Exploration isn’t just limited to travel, however. We can venture forth on an incredible voyage of discovery right inside our own minds. The gift of exploration and curiosity are what has sparked some of the most magnificent works of art, pieces of music, and tomes of literature in humankind. It has driven the Albert Einsteins, the Marie Curies, the Leonardo da Vincis.

I decided to group some ideas and resources about exploration into age categories, just for the fun of it.


Actually, kids are the best at exploration and discovery — if you’re lucky enough to have a young child in your life, enlist them to teach you! Use time with them to reconnect with that sense of childlike wonder and excitement that we too often lose as we get older. My grandson, Jude, has taught me a lot about how important it is to hold onto these traits. Being with him, I’m often reminded to simply slow down and live in the moment, to notice what’s around me. His enthusiasm for the smallest things wakens in me an appreciation for the little stuff.

Sometimes, if I’m having a super stressful day with a million things going on that I can’t seem to get a handle on, spending a little time with Jude gets my priorities back in order. We’ll be walking along and his face will light up, he’ll get so excited and run over to something on the ground.

“Look, Gigi, a leaf!” he’ll exclaim, picking it up with awe and turning to show me with unbridled enthusiasm.

And I’ll tell myself, “Let all the things you’re worrying and thinking about, instead of being right here right now, go. Stop, Shelley, and look at the goddamn leaf!”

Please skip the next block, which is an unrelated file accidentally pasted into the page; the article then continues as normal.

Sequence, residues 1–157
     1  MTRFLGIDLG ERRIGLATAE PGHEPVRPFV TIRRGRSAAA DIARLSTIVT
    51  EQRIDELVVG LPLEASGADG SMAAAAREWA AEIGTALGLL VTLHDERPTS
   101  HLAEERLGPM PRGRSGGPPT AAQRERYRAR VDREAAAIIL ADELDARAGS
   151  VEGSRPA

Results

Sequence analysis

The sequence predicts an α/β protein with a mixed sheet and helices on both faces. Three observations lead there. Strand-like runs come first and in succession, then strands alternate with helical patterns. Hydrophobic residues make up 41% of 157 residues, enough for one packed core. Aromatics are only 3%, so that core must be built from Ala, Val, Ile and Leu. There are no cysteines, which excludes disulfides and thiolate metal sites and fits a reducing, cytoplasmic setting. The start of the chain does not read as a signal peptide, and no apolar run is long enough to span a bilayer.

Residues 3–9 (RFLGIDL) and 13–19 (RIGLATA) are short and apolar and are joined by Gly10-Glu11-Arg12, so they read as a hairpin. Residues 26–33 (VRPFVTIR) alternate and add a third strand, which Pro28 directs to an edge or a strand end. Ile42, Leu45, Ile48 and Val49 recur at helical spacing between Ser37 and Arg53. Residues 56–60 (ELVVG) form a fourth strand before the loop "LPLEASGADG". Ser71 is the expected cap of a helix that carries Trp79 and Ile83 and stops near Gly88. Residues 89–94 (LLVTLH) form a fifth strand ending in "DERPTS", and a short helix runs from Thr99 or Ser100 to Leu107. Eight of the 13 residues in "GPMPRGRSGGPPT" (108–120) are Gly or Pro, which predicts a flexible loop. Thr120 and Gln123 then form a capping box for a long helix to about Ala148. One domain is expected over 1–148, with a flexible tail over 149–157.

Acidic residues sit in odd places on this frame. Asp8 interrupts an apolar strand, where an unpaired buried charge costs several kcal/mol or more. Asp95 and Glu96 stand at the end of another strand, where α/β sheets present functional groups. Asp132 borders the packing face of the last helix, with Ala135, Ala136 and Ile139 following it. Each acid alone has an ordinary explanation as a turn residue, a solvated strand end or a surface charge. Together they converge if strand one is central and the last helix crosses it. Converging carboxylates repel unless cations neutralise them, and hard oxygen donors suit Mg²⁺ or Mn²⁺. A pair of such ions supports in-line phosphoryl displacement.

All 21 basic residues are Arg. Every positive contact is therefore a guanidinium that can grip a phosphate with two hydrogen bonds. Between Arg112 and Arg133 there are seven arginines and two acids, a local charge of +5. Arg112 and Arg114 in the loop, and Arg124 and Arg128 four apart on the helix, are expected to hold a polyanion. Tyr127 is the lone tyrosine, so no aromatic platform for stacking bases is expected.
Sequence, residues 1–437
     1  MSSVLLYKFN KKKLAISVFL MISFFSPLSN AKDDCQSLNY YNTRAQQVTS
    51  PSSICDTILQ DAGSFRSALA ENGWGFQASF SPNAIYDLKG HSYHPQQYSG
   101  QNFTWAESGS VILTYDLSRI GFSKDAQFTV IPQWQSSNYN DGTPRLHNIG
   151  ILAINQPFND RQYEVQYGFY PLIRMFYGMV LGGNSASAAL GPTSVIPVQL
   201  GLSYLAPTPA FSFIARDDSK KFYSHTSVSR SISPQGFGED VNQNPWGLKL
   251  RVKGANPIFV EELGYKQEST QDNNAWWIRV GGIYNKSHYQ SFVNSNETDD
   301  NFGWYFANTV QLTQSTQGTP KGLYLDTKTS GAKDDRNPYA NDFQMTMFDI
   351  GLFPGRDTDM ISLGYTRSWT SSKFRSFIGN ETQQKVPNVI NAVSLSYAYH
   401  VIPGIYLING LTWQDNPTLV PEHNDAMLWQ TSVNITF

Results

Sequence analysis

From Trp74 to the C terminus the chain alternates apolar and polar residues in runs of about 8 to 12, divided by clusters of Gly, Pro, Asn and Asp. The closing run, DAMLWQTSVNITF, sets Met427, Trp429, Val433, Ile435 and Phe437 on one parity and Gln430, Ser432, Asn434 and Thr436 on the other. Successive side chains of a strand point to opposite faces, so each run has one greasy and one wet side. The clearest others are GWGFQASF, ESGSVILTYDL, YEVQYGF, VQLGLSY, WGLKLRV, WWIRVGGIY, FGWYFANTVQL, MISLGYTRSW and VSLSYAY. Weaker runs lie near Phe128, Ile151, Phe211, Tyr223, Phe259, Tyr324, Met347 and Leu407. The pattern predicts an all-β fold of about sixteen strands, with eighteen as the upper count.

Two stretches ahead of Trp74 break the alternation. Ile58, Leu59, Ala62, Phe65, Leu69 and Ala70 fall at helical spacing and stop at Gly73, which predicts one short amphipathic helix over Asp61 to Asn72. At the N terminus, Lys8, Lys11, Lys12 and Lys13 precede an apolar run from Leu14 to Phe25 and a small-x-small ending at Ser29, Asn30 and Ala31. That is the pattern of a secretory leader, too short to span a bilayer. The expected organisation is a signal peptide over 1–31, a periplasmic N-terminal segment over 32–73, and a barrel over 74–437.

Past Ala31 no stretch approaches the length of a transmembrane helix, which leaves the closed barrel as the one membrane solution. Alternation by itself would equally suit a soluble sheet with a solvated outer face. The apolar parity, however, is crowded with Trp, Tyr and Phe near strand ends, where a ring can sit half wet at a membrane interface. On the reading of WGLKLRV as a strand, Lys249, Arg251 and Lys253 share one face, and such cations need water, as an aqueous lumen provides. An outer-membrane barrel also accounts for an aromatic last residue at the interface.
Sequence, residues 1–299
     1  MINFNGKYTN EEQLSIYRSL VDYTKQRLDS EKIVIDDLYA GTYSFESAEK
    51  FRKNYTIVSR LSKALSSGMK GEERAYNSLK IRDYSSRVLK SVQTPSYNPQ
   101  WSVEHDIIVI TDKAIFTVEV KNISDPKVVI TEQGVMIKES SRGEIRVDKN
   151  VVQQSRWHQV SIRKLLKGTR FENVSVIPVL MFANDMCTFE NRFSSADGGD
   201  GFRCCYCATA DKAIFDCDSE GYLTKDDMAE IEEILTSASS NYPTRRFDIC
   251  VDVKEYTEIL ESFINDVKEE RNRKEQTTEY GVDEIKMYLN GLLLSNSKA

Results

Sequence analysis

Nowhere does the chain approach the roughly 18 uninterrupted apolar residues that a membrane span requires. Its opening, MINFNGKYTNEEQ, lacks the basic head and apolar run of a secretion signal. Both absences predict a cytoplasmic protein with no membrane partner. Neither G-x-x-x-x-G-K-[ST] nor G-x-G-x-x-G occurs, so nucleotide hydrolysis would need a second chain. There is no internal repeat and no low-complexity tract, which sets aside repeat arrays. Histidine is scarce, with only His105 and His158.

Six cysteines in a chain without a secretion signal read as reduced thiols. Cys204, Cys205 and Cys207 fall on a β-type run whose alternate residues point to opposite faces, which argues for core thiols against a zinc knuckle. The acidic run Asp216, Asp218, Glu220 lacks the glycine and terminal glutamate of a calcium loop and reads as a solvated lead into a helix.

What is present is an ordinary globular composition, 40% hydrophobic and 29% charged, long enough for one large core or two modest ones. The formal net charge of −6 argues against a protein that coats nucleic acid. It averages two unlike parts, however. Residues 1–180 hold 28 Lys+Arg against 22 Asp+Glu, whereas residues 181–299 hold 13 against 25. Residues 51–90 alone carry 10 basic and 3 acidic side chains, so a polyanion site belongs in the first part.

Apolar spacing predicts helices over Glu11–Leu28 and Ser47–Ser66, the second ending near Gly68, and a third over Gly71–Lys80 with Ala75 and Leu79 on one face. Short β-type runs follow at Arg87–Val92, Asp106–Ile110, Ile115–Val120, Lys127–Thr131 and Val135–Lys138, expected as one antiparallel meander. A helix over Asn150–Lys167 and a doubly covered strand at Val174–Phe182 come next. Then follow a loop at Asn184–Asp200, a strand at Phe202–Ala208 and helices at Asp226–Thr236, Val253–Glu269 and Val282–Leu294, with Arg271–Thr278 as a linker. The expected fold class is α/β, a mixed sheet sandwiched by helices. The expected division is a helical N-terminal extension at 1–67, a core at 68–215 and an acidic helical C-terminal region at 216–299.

While kids have the inherent human trait of curiosity still unbroken and unburied, there are lots of ways in which we can help foster this. Encourage their sense of discovery and exploration, don’t discourage it. Allow them to figure stuff out on their own, and spend time with them doing it. I love what Neil deGrasse Tyson has to say on this subject:

There are also several pretty awesome products out there that I think are fabulous for cultivating this in children.

  • Little Passports. This is a great monthly subscription box (it was one of the first pioneers in this model) that sends a kit every month that introduces kids to the world around them. The packages are broken down by age group; for the youngest, the kits are about different topics such as dinosaurs or oceans. For older kids, they are introduced to a new country each month; and older kits can get science experiments.
  • KiwiCoThis is a similar subscription service, that introduce kids to art and science, inspiring a new generation of makers and inventors.
  • Green Kids Crafts. Each month children receive a box that includes a fun STEAM (science, technology, engineering, art and math) activity or experiment. The kit also includes a related magazine. All materials in the kit are eco-friendly and arrive in recycled packaging.
  • Space.com has a great list of gift ideas that are space-related for kids who are really into that.
  • Sierra Club put together this round-up of “9 Holiday Gifts That’ll Inspire Kids to Create, Explore, and Enjoy.”
  • The Global Guardian Project is offering this fantastic gift set at $50 off right now. It’s a 12 month e-course and giant world map coloring poster, that gives hours and hours of engaging, educational, and interesting learning opportunities for little ones.
  • Honestly Modern has a comprehensive list of other ideas (besides a few already listed here), broken down into category. Is the child in your life interested in music? They have a gift idea for that. Artists, athletes and builders? Yep. Each category is full of great ideas for quality products that will foster those interests.
Getty Images

Teens and Young Adults

  • National Geographic student traveler Cole Heine won second prize in the NatGeo photo contest for snapping this photo at the Great Barrier Reef, Australia.
    National Geographic student traveler Cole Heine won second prize in the NatGeo photo contest for snapping this photo at the Great Barrier Reef, Australia.